Also in the second quarter, Wilshire Capital bought the 59,000-square-foot Wilshire Carthay Medical Center from Wilshire 6333 T.D. LP.

In addition, the 1920s-vintage Wilshire Center building at 5410 Wilshire Blvd. is being renovated by Beekman Place Management, which plans to have ground-floor retail topped by new office space.

Miracle Mile brokers also report that E! Entertainment Television has been in talks to lease space in the Wilshire Courtyard at 5700-50 Wilshire Blvd. The cable network is believed to be outgrowing the 125,000 square feet it now leases next door at 5670 Wilshire Blvd.

"They're seriously considering the Wilshire Courtyard," said Douglas Econn, a senior consultant at Metrospace/Cresa Corp., "but we haven't come to terms yet."

E! could easily move all its operations to the Courtyard, which has about 400,000 square feet available now or in the near future, said Rick Buckley, a senior broker at CB Richard Ellis.

E! spokeswoman Louise Rasho said she could not discuss any pending leasing deals.

Wilshire Courtyard got at least one new tenant in the quarter. An entertainment company, Another Large Production, signed a lease in mid-June for Sept. 1 occupancy of 17,000 square feet of space at 5750 Wilshire, according to Vincent Pellerito of Cushman Realty Corp. Another Large Production will vacate its current space at 6430 Sunset Blvd.

To the north, the Hollywood/West Hollywood area saw its office vacancy rate dip from 20.6 percent to 19.7 percent. This area has a relatively small office market, and space is tight in the few class-A buildings available.

The real action in the second quarter was in the retail-entertainment front.

In April, the Community Redevelopment Agency approved the development agreement for the $385 million TrizecHahn Center at Hollywood Boulevard and Highland Avenue the centerpiece of what Los Angeles officials hope will be a new Hollywood entertainment district.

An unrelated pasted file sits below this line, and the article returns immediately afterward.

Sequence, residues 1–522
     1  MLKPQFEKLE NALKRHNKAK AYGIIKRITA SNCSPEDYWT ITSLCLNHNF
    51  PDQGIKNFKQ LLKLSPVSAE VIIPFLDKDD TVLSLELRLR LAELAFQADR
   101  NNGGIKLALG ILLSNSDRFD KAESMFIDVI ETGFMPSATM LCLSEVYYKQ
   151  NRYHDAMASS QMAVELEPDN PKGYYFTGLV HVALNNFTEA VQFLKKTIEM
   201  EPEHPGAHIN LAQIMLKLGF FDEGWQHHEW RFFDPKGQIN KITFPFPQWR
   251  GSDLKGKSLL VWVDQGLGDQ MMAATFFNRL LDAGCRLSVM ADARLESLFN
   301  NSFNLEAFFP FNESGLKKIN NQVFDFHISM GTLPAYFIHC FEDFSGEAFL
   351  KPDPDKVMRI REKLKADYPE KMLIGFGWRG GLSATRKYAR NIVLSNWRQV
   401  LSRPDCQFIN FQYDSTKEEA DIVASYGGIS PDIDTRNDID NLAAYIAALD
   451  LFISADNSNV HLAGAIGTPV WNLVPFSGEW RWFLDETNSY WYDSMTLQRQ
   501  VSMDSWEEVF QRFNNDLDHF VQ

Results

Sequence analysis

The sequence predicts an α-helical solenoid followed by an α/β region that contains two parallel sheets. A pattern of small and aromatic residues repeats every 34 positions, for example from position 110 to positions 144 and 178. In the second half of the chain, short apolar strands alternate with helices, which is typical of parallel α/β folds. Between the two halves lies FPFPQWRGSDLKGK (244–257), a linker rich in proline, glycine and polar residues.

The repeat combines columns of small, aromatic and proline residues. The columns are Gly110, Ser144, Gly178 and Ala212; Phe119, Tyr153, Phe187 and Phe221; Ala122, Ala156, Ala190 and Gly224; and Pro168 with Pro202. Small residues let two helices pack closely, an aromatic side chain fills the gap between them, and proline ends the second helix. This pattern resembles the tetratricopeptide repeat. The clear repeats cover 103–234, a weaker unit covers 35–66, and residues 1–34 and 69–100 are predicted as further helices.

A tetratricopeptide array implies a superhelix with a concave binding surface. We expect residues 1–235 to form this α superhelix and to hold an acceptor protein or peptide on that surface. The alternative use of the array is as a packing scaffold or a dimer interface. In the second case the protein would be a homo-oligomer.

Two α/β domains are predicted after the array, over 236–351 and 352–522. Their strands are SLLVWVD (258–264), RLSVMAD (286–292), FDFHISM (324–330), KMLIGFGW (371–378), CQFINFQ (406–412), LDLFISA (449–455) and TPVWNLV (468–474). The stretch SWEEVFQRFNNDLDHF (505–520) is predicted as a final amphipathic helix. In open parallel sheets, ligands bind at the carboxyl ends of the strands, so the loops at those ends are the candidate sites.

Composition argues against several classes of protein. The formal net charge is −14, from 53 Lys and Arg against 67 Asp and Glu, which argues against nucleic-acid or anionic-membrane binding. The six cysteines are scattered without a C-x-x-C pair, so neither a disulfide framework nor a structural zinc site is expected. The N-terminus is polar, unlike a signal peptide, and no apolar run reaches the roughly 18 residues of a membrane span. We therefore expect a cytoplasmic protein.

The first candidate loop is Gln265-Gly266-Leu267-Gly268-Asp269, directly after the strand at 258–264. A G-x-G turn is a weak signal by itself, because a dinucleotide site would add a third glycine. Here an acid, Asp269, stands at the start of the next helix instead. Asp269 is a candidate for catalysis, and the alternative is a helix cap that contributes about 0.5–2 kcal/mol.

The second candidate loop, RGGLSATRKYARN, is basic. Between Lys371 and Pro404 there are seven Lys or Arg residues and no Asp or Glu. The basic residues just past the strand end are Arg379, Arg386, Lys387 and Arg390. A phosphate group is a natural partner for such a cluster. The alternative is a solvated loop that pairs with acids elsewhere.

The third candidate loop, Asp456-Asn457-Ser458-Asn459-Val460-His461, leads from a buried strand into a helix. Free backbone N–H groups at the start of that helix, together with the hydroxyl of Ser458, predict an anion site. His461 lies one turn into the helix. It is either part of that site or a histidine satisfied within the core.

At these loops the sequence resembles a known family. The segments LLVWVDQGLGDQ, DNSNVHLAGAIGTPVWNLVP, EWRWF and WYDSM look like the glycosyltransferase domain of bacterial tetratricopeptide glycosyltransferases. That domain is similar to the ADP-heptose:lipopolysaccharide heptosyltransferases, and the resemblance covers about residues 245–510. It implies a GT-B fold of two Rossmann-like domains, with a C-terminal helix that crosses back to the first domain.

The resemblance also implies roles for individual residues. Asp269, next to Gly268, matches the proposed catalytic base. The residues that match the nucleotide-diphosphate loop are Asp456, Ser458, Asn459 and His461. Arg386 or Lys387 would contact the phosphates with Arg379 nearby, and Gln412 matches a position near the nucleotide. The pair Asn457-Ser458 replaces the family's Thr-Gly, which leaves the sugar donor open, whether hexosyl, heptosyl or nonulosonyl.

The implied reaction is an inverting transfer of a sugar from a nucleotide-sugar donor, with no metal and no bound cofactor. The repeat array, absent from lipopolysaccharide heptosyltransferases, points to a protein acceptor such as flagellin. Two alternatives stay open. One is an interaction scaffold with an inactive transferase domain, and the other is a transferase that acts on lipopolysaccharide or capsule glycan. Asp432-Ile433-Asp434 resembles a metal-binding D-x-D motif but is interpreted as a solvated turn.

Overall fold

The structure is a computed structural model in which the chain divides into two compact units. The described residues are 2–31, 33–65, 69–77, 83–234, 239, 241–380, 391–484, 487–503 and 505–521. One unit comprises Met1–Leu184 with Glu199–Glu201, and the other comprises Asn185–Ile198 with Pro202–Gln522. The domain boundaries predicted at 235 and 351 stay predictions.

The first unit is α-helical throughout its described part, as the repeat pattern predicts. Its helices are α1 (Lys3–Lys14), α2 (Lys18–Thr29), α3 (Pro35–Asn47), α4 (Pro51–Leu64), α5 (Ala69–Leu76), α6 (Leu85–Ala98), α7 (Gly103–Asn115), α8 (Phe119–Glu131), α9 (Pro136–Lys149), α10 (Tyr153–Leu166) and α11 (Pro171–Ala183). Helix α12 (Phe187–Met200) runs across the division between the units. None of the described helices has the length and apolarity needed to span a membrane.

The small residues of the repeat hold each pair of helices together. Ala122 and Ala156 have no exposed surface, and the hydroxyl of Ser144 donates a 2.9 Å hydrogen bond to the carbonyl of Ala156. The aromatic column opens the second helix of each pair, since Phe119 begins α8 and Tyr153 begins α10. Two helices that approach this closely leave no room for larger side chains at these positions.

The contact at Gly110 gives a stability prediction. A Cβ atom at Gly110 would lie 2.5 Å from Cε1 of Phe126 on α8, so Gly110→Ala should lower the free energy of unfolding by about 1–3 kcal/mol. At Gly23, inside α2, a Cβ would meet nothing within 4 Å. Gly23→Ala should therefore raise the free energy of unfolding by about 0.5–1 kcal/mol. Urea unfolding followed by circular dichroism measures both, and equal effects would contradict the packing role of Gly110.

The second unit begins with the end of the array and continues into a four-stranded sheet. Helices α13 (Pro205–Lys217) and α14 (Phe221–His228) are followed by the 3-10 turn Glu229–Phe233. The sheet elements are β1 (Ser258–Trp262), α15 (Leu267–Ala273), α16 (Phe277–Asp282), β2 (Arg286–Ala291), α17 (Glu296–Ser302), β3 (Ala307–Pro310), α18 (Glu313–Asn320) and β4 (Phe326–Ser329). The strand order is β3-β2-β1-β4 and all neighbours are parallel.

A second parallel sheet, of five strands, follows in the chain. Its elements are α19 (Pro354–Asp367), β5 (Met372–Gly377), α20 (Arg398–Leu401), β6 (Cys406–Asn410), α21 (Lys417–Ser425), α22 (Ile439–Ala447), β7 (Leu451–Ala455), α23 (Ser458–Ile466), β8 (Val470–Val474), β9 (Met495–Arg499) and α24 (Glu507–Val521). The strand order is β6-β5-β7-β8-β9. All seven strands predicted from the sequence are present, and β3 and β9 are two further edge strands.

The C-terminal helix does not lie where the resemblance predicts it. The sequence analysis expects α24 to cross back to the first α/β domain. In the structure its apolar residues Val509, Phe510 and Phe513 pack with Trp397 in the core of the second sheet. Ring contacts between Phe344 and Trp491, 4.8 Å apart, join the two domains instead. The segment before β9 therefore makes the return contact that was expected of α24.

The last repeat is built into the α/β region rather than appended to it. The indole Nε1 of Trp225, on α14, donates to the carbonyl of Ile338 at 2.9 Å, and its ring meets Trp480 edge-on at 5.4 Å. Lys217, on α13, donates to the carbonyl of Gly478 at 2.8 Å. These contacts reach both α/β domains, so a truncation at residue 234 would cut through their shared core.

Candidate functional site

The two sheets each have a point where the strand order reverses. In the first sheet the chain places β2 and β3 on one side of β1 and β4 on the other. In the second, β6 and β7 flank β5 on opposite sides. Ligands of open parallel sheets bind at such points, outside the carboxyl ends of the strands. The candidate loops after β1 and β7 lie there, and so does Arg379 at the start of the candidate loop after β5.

A month later, the Los Angeles City Council approved the sale of $90 million worth of bonds to help finance the project, which will include a new theater that will host the annual Academy Awards ceremony. In all, the project will have 600,000 square feet of space, including 400,000 square feet for retail and restaurants. Official groundbreaking is scheduled for October.

Brokers say approval of the project has made Hollywood a hot ticket again.

"Tons of people are looking to buy in Hollywood," said Stacy Vierheilig, managing director of the sales and leasing group at Charles Dunn Co. "People can't buy anywhere else for $100 a square foot, (and) we have great restaurants around us. We have all the amenities."

Dunn spent $1 million to renovate the lobby of the 6255 Sunset Blvd. building and is upgrading the rest of the building floor by floor, said the on-site leasing agent, Gail Pena.

One new tenant is Walt Disney Co. division Buena Vista Television, which moved into 8,000 square feet of space in May.

Pena said other major entertainment companies are negotiating for space in the building.

Also in the second quarter, Bracha LP purchased the 39,000-square-foot 1800 Argyle Avenue office building in Hollywood.

"When you look at Hollywood and you talk about a competitive set of buildings, you're talking about a dozen buildings at best," says Kanieff of Kennedy-Wilson. "(But) it's a market that's having a comeback. I'm incredibly optimistic."